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Leave low density alone

Re: "A good development proposal" (posted Aug. 27 in Tim Bousquet's Reality Bites blog at

When I looked at the staff report on this proposal for the Metledge development on Iseville and Kaye streets, what stuck out was the HRM staff's more general theme that they are looking to increase density in all developments on Halifax peninsula.

The HRM staff are saying that, regardless of current permitted uses on the peninsula, municipal staff will support higher densities---above those currently permitted by city law.

The HRM staff are, in effect, saying it's time to bust up low-density housing on the Halifax Peninsula.

Higher residential density works fine if the city is reclaiming commercial land for residential and mixed uses. However, high-density/highrise apartment developments are a bad threat to peninsular Halifax residential homeowners.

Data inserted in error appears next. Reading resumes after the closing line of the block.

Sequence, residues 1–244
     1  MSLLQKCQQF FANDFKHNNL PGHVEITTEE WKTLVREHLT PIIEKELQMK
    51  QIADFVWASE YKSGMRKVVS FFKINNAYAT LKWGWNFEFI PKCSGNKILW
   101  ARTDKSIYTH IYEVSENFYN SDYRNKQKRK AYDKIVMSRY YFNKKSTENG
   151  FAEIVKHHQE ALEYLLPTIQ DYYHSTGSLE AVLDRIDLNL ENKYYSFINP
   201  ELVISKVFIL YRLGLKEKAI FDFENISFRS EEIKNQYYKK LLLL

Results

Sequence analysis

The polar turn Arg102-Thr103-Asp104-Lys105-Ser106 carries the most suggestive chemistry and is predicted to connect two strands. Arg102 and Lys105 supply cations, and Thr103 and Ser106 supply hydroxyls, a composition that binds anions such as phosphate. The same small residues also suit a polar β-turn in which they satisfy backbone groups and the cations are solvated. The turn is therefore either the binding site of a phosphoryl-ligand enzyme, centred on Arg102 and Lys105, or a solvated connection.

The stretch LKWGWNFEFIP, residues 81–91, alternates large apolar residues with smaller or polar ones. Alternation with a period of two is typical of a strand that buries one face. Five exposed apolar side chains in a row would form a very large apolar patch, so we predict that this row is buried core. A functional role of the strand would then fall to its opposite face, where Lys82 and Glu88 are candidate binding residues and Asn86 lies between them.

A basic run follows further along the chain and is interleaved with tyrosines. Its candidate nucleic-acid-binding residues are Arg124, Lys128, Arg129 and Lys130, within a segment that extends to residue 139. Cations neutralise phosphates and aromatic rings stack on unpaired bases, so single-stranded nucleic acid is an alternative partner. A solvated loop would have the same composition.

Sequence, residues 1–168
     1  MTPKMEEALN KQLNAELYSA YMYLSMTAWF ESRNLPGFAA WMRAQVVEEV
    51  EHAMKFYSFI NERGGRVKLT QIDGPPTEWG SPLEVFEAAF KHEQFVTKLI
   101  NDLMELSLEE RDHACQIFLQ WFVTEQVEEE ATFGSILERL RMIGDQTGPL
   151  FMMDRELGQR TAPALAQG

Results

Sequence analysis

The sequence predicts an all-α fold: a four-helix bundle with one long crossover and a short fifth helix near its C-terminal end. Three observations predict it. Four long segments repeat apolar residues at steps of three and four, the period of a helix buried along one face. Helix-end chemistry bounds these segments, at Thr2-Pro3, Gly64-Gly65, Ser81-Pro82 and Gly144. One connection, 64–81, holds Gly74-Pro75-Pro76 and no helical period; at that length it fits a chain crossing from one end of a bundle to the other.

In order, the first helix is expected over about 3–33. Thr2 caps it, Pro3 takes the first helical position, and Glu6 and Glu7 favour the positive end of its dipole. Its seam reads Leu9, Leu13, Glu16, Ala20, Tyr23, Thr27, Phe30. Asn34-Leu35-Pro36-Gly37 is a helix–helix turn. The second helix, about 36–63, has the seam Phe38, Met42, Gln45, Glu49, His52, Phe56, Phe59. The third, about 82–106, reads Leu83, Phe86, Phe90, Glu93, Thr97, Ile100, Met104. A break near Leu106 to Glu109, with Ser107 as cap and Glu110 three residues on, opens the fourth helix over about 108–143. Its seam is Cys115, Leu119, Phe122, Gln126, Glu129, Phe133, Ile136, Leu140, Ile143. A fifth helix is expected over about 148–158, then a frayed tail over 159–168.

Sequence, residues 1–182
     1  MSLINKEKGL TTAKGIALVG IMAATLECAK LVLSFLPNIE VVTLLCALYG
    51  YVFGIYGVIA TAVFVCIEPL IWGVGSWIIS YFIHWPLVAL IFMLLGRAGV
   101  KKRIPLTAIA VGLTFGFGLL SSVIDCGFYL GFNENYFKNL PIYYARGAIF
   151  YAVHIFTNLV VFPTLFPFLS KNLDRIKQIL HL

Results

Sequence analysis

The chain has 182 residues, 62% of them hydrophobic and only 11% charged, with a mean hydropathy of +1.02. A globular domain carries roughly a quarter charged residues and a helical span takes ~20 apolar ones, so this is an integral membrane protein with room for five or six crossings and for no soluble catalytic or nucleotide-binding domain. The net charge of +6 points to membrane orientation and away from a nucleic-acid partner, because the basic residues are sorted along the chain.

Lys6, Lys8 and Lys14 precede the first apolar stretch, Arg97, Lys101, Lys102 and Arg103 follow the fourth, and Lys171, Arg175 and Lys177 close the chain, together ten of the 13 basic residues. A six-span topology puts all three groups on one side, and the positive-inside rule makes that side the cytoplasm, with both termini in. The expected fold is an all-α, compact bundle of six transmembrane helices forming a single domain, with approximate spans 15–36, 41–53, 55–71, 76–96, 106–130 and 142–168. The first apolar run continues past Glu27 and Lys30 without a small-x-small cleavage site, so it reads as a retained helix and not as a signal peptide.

The vast majority of the Halifax peninsular land use is for low-density residential zoning. These are family streets full of everyone from young families to seniors. These high-density, HRM-approved developments threaten safety and municipal service delivery in low-density neighbourhoods.

Halifax is a successful city because it kept its downtown small and dense, providing more room for mostly family residential housing.

Halifax needs to reclaim more lands for low-density residential use. For example, the best potential in scale development lands on Halifax peninsula are the university lands. The universities should sell their peninsular land holdings, and consolidate to, for example, the Mount Saint Vincent property.

The universities need new buildings and the sale of universities' land would provide most of the cost of the upgrade.

The city could reclaim much former residential property the universities have been eating into, and stop the decay of family neighbourhoods in the university areas. Developing the university lands provides for a range of residential densities, without highrise absurdities, which cause safety and traffic problems, water pressure and even sewage capacity problems to the surrounding residents.

By Peter Ewert

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